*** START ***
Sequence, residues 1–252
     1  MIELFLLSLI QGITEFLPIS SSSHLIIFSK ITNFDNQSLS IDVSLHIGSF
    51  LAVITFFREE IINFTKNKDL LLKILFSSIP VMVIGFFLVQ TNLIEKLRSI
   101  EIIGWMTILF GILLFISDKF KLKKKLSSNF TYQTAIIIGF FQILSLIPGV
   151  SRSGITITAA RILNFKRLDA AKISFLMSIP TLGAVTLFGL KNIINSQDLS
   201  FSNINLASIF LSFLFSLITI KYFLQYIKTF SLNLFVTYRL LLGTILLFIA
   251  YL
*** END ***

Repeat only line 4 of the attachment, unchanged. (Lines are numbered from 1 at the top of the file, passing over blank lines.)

   101  EIIGWMTILF GILLFISDKF KLKKKLSSNF TYQTAIIIGF FQILSLIPGV